The portfolio management is an essential feature for strategic thinking. We need to know where we want to be in three to five years from now. Even in uncertain times, were tomorrow is not certain (it actually never is …), we need to know where we want to be in in future. A longer horizon is also very o.k.
How do we get there? The first ingredient is todays position. Where are we today? What is our market position? How are we perceived? How does our portfolio look like? This is maybe more difficult to define than the future portfolio. The future portfolio may contain many wishes. For the definition of today’s portfolio, we need to be honest to ourselves.
When we have both components, we can actually make decisions that will bring us from today to the future. We may need to adapt on the way to future, but this is not problem. A well-defined future portfolio will serve as a guiding star, just as the North Star, no matter how rough the sea may be.
It is a great idea to use the formalized Business Model Canvas. Adapt it to your needs. Do not overdo. Less is sometimes more. The business model canvas should however be the minimum. Sometimes the easiest way to start and to get into the right mood is to get started with what we have today. Pick a product and try to fill in the sheet. Do not be surprised, if you are struggling to fill all feeds in the beginning. Some products in our today portfolio may not be perfect. This is O.K. We discover it right now and right here. Before we treat these products with a value proposition analysis, we finish the analysis of the current portfolio until we have a draft of all relevant products. 80% solutions are fine. Remember PDCA…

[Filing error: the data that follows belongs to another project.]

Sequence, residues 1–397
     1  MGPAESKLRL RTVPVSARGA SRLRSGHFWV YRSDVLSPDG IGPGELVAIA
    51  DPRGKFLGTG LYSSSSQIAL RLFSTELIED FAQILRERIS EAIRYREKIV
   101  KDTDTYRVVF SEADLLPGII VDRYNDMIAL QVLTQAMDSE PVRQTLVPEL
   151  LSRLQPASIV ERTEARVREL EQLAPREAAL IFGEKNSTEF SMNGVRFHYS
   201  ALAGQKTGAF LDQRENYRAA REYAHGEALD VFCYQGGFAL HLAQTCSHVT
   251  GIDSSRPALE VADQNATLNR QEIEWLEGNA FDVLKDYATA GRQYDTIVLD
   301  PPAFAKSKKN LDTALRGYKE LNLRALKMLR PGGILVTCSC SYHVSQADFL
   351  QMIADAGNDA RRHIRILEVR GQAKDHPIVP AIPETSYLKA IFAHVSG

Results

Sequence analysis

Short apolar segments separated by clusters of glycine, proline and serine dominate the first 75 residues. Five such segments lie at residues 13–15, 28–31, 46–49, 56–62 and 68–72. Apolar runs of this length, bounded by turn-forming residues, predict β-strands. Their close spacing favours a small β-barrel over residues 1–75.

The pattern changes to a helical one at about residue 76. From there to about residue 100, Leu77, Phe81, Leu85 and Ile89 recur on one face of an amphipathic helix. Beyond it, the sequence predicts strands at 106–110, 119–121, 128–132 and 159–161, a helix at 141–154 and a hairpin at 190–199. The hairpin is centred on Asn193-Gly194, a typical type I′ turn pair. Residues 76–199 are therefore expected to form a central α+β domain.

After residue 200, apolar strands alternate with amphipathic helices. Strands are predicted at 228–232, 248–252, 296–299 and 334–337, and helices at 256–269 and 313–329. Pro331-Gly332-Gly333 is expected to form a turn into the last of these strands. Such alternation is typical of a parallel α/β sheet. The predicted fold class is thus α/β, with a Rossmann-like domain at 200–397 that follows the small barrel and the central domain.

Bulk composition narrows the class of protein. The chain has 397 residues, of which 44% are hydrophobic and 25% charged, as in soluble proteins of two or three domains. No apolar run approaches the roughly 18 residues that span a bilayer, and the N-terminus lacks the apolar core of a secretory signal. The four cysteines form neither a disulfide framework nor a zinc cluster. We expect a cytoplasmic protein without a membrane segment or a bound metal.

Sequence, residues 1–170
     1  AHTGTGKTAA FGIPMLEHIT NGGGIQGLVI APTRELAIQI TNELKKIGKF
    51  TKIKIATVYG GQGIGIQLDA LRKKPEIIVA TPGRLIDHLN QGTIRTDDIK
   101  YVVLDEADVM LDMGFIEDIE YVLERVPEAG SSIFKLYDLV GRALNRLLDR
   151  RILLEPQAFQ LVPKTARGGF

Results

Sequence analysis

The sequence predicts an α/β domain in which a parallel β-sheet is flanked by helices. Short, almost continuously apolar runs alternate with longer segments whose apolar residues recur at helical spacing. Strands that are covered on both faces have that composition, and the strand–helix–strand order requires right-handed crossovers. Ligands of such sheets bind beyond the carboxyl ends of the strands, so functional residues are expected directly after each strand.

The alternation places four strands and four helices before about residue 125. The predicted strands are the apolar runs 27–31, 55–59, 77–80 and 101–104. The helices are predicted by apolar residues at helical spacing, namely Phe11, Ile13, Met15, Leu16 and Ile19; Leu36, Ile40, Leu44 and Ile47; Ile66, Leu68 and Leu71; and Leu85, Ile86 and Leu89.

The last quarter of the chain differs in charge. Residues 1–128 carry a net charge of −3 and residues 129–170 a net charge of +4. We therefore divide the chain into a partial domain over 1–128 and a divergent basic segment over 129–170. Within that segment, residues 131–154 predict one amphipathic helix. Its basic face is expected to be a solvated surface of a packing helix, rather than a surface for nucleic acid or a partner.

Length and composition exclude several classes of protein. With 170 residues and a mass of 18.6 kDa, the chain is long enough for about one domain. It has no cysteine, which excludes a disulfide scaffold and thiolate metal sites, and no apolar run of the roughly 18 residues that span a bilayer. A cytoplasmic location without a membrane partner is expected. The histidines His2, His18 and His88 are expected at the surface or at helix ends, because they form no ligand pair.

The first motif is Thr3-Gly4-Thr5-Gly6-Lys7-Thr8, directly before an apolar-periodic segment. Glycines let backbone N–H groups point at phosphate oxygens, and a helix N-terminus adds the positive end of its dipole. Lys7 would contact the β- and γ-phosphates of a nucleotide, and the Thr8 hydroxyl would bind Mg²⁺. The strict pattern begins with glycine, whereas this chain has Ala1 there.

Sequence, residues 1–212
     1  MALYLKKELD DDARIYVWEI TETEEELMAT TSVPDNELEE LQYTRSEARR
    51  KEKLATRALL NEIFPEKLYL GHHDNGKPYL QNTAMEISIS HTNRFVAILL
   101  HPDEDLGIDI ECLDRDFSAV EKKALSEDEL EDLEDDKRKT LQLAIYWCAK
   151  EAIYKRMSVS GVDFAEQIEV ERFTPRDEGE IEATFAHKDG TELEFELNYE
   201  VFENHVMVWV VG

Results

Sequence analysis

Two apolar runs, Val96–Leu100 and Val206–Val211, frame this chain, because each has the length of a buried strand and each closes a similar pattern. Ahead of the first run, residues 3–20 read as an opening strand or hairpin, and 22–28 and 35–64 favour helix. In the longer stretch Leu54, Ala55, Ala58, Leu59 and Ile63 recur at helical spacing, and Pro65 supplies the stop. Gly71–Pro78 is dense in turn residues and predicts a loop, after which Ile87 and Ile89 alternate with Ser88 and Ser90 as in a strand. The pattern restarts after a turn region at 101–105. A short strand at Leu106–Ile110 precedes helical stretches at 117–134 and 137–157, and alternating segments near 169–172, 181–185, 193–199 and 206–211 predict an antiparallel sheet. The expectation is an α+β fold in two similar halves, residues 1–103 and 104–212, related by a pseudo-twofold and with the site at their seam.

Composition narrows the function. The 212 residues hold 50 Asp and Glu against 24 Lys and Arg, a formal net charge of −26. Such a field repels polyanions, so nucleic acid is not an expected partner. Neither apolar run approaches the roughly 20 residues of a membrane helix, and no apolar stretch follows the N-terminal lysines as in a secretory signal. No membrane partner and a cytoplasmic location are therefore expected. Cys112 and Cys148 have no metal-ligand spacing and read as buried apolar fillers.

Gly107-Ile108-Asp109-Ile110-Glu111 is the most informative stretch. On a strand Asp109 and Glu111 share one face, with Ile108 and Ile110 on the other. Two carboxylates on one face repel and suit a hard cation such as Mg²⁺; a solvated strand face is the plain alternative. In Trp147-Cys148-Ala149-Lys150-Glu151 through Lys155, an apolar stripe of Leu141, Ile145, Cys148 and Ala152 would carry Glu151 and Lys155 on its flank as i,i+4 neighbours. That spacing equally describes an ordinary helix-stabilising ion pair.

At this point, we forget everything and imagine how our world can look like in 3-5 years from now. Do a little time travel and imagine your then current portfolio. What are your products? How will you generate our income? How will you be seen by your customers? How will you be positioned in the market? Generate you current portfolio in future. This is your future portfolio. In writing. You may have a short glimpse at the “Quick Start” article.
Now we have our desired future portfolio – we can call it the challenge. Todays portfolio could be called current condition. Sounds familiar? Good. This nothing else than the Toyota KATA by Mike Rother. We now take Mike’s ideas and understand that the next target condition is then nothing else but our (then automatically) approved projects that bring us from the current portfolio to our future portfolio. Everything that is not along the path from current portfolio to the future portfolio is not a project we should run. Automatic project approval, right? Stuff that is not bringing us from the current state closer to the future portfolio is not in scope – or a clear indication that we may need to adapt our future portfolio if the value proposition analysis indicates an interesting project.
Building a strategy for future is interesting and cool. However, projects with focus on future will pay off in future, not today. Somebody has to pay the running costs and finance the investments into future. This is todays business. We need to balance the capacity for our activities between work for tomorrow, today, and yesterday. Respect Investment Horizons.
So, in consequence we now have highlighted two components of Portfolio Management:
- Capacity allocation – realize you can utilize your capacity only once
- Target orientation – define what you want to spend the capacity for
What is now still missing is to determine the order of tasks/activities. This is however home turf for agile methods if topics are small. For larger ones, we ask Eric Ries and go for innovation accounting.